Once upon a time, it was the worst day of my life.
On the eve of my son’s third birthday, his brain got infected. The outside world got in. It was only the tiniest little bit that found an entrance, just an itsy bitsy staphylococcus – an everyday kind of germ that we all keep around for company. But we can’t survive with it in our brain. So I found myself, somewhere around midnight after the unfortunate discovery, singing happy birthday to my son in a breaking voice as I laid his little trusting body on the operating table so doctors could get the infection out. It would be a long week before we could go home.
The next morning, when my brother came to visit, I asked if I could leave my infant son (who was along for the wild ride because he was nursing), and my newly-minted-three year old hidden under a maze of tubes and medicine, to run to the store to buy the birthday boy a toy tow truck. It was all he wanted. And I wanted clean underwear. I ran in and out. It was snowing lightly as I pulled away from the store. Another car came around the corner in the parking lot and slid into the driver’s side door of the car I had borrowed from my brother. The driver quickly parked and came over to be sure I wasn’t hurt. I blubbered my story of how it was my son’s birthday and he was in the hospital for emergency brain surgery and all he wanted was to blow out candles and he couldn’t because that’s illegal in the hospital. The man nodded sympathetically, then got in his car – and drove away before we could file a report and get insurance worked out.
That moment of betrayal, heaped on top of my exhaustion, stress, worry, and loneliness, ranks as one of the lowest points of my life.
It was bad.
But you know what happened in that moment? My son needed me. So I drove back to the hospital, crumpled on his sterile bed, and held him – and begged God for strength. And God gave it.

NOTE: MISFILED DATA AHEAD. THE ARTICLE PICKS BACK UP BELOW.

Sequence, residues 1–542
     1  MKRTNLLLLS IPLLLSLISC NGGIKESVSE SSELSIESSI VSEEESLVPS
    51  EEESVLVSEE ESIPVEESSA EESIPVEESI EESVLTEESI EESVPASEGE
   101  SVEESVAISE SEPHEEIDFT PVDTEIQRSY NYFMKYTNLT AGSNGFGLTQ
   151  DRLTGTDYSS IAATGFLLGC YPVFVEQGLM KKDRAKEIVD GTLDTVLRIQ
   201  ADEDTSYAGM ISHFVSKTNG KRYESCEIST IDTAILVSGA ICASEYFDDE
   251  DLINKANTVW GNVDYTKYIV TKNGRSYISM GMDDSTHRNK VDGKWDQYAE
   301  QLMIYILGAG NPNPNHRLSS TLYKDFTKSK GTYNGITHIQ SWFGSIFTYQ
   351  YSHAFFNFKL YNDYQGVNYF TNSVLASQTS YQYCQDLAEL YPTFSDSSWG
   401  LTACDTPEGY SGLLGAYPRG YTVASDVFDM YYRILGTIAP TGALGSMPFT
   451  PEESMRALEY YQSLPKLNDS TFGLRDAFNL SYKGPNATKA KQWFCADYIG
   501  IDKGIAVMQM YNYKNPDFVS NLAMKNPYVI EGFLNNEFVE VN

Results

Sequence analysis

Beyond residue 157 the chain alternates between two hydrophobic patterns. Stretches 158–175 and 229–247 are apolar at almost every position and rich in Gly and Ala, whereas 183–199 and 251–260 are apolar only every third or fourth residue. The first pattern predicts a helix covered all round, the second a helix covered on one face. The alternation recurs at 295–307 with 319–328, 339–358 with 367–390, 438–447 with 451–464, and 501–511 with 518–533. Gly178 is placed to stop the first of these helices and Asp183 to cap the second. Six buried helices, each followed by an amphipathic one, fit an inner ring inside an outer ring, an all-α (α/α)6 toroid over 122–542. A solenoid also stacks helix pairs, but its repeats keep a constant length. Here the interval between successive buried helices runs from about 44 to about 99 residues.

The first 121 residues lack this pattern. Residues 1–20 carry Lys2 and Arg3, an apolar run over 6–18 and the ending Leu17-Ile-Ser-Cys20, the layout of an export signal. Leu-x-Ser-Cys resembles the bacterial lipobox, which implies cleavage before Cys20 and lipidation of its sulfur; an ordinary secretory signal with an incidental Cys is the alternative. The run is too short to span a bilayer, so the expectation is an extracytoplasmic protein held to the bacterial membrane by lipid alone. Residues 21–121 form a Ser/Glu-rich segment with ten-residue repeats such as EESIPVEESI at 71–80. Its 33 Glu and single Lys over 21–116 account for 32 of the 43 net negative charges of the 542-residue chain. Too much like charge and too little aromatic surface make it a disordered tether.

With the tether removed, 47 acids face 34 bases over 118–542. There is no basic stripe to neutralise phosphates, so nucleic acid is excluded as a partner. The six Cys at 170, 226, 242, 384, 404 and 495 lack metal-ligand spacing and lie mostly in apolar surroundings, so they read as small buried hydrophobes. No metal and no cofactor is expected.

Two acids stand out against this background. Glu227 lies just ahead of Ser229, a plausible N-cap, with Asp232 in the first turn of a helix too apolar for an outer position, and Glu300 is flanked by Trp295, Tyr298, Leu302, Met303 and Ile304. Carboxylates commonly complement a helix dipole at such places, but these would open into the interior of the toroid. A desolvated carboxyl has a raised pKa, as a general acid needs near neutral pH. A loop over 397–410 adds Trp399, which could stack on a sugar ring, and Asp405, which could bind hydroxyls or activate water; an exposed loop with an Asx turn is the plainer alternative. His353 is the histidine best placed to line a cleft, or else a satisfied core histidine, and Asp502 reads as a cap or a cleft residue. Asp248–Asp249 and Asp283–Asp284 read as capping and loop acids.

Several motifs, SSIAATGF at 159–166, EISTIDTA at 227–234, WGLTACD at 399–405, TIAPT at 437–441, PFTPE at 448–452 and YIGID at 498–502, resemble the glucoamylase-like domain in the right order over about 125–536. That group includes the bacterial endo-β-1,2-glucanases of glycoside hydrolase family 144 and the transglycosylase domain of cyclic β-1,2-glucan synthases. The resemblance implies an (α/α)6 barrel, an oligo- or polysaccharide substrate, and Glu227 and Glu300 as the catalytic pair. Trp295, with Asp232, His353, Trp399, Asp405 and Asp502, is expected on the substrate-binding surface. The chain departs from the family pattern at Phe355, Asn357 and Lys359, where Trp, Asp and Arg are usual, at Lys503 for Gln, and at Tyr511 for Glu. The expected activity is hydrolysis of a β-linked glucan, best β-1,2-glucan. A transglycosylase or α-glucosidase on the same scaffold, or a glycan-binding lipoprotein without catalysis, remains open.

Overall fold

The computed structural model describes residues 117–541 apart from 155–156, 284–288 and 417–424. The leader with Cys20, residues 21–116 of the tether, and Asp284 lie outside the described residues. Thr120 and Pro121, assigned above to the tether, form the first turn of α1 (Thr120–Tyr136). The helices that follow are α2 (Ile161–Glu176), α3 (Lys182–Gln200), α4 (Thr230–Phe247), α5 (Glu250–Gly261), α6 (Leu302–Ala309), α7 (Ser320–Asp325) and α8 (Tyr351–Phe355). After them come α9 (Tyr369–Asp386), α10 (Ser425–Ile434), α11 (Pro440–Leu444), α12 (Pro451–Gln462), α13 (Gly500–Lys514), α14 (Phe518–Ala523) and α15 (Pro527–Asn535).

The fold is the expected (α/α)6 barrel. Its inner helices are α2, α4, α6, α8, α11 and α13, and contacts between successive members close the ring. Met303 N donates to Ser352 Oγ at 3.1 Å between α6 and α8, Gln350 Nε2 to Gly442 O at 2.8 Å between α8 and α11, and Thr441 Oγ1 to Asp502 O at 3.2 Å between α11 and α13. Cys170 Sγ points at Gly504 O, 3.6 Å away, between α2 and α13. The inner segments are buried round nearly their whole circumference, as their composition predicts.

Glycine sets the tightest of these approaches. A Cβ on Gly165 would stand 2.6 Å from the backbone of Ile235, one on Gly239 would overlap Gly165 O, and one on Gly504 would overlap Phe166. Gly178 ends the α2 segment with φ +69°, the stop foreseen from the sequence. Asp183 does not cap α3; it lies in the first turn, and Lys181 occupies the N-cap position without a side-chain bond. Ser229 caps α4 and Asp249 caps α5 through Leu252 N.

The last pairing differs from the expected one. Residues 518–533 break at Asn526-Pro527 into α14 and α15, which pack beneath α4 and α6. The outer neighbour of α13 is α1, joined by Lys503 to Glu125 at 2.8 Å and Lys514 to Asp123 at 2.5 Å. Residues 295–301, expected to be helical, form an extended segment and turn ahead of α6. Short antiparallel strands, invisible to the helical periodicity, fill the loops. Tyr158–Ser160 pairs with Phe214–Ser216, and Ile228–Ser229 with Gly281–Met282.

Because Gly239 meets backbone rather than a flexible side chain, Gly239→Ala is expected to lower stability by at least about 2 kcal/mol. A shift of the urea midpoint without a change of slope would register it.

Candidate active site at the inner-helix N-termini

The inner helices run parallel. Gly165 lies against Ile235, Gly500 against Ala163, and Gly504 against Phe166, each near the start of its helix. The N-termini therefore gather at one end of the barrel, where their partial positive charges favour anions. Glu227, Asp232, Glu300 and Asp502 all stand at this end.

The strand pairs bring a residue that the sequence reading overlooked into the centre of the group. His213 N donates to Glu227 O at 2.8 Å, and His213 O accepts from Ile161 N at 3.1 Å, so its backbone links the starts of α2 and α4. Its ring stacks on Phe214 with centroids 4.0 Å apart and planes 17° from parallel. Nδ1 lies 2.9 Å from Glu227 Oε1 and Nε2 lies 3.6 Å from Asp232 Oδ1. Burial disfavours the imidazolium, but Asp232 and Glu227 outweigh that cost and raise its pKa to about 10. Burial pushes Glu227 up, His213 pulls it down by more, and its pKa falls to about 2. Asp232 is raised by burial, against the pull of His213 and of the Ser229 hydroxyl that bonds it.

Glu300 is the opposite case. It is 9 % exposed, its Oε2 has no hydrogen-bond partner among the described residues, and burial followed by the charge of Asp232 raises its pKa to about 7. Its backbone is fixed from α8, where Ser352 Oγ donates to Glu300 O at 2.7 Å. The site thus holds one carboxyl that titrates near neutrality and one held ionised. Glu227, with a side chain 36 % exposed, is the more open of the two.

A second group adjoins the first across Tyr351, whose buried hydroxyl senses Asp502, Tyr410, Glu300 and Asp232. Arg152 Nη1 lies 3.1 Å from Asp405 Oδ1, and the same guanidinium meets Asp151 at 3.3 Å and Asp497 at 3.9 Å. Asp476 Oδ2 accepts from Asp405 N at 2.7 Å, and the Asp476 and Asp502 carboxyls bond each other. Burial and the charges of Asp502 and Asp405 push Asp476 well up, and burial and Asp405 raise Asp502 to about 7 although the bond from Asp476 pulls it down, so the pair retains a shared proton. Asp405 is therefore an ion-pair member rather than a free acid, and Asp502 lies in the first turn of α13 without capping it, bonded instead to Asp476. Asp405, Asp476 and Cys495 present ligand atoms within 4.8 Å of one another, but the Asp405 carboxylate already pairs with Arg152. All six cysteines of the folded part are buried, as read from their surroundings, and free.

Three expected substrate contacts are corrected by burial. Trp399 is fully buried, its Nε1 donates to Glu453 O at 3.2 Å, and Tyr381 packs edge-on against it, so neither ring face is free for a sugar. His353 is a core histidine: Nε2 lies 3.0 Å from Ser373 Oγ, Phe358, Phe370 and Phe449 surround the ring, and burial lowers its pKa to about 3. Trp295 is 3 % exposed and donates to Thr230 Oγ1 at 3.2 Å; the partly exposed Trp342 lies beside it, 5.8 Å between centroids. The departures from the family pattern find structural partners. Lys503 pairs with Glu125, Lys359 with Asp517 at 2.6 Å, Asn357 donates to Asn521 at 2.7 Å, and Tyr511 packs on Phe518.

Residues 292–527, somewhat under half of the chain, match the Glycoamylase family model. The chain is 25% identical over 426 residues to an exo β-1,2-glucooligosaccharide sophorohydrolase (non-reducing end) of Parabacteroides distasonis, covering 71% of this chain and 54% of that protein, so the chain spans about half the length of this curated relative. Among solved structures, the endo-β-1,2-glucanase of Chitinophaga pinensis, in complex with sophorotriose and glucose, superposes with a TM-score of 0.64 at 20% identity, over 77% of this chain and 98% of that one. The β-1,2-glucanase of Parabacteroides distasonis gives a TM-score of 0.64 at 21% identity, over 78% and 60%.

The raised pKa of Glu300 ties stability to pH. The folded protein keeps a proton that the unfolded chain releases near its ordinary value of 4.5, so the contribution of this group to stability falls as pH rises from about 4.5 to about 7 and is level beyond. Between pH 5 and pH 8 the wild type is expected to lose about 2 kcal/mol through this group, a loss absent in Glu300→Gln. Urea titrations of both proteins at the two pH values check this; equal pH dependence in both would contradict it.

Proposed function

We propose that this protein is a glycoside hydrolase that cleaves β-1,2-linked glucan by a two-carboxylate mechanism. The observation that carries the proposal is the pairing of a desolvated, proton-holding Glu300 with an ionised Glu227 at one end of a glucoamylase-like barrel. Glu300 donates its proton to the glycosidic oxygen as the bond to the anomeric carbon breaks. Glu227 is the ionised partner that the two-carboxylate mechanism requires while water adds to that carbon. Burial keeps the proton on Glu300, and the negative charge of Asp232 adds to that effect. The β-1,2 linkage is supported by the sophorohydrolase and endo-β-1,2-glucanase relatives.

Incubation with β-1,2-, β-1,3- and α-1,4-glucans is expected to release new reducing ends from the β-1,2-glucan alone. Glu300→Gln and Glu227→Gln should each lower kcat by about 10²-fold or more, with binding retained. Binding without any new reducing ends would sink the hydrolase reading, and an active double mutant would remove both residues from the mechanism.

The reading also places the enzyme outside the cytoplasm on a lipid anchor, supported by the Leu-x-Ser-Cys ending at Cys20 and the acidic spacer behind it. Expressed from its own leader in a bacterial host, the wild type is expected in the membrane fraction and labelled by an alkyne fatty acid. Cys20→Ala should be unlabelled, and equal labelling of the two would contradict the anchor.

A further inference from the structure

Not a lot. Too much would probably have made me capable of doing dangerous things, especially to the guy who drove away from the teary-eyed woman in the disheveled Subaru in the parking lot that cold January day three years ago.
But it was enough.
I felt so helpless. I couldn’t fix my son. I couldn’t even celebrate his birthday. I couldn’t even run to the store without someone’s property getting destroyed! I was insufficient. I just couldn’t even.
In that moment, God came near. And I knew that the prayers of hundreds of friends were – at that very moment – storming the throne of heaven with our names. And He heard. And God came near.
I remember that moment, because today, a friend is going through the same valley of the shadow. She is watching her baby daughter struggle with insidious evil germs threatening her little brain. It is a horrible place to be for a mom. But thousands of other moms are live-streaming petitions to the throne of heaven on her behalf. And God is listening.
The first woman – the first mom on earth – was named Eve. Her name in Hebrew is Chavvah, or “life-giver.” It’s Zoe in Greek, meaning “preserver of life, life-spring”.
This woman, Eve, was the first woman to talk with God, the first to know Him.
She was first to revel in His creation, to enjoy His goodness.
And she was the first person on earth to sin.
She was the first to realize she no longer had the right to dwell with God.
She was first to miss Him.
Eve, created to be “life-giver” to all future generations, was the first to lose intimate fellowship with the Creator of life.
It was a horrible realization. She was not enough. She could not make it right.
In His love for Eve, in His desire for her to fulfill her purpose as life giver to all future generations – God made a way for her to be restored.